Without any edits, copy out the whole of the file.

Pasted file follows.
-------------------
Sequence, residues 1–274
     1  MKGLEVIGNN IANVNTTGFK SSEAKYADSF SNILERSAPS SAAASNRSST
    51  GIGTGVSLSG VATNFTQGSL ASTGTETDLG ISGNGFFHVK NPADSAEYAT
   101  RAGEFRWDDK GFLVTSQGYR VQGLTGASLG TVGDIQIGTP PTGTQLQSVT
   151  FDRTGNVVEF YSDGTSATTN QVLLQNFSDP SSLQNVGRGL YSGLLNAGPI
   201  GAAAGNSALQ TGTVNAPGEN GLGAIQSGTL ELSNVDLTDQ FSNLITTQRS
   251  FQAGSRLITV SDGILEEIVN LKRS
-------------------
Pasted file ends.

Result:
Sequence, residues 1–274
     1  MKGLEVIGNN IANVNTTGFK SSEAKYADSF SNILERSAPS SAAASNRSST
    51  GIGTGVSLSG VATNFTQGSL ASTGTETDLG ISGNGFFHVK NPADSAEYAT
   101  RAGEFRWDDK GFLVTSQGYR VQGLTGASLG TVGDIQIGTP PTGTQLQSVT
   151  FDRTGNVVEF YSDGTSATTN QVLLQNFSDP SSLQNVGRGL YSGLLNAGPI
   201  GAAAGNSALQ TGTVNAPGEN GLGAIQSGTL ELSNVDLTDQ FSNLITTQRS
   251  FQAGSRLITV SDGILEEIVN LKRS